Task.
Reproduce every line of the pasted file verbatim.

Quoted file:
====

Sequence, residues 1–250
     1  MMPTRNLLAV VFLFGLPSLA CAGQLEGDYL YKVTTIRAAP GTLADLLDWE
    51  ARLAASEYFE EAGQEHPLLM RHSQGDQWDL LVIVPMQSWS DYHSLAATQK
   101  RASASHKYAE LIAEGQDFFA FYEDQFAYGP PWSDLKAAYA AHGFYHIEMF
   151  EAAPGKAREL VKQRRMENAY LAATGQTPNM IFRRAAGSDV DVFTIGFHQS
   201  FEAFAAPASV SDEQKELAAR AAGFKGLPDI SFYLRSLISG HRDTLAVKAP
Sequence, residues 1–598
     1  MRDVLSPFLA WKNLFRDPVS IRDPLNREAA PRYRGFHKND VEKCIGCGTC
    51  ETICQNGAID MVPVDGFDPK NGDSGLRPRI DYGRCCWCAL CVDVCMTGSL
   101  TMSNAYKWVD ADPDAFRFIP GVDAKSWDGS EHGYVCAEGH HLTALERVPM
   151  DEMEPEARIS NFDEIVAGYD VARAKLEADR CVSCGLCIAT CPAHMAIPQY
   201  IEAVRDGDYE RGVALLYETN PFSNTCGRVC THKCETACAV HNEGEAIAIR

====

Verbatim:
Sequence, residues 1–250
     1  MMPTRNLLAV VFLFGLPSLA CAGQLEGDYL YKVTTIRAAP GTLADLLDWE
    51  ARLAASEYFE EAGQEHPLLM RHSQGDQWDL LVIVPMQSWS DYHSLAATQK
   101  RASASHKYAE LIAEGQDFFA FYEDQFAYGP PWSDLKAAYA AHGFYHIEMF
   151  EAAPGKAREL VKQRRMENAY LAATGQTPNM IFRRAAGSDV DVFTIGFHQS
   201  FEAFAAPASV SDEQKELAAR AAGFKGLPDI SFYLRSLISG HRDTLAVKAP
Sequence, residues 1–598
     1  MRDVLSPFLA WKNLFRDPVS IRDPLNREAA PRYRGFHKND VEKCIGCGTC
    51  ETICQNGAID MVPVDGFDPK NGDSGLRPRI DYGRCCWCAL CVDVCMTGSL
   101  TMSNAYKWVD ADPDAFRFIP GVDAKSWDGS EHGYVCAEGH HLTALERVPM
   151  DEMEPEARIS NFDEIVAGYD VARAKLEADR CVSCGLCIAT CPAHMAIPQY
   201  IEAVRDGDYE RGVALLYETN PFSNTCGRVC THKCETACAV HNEGEAIAIR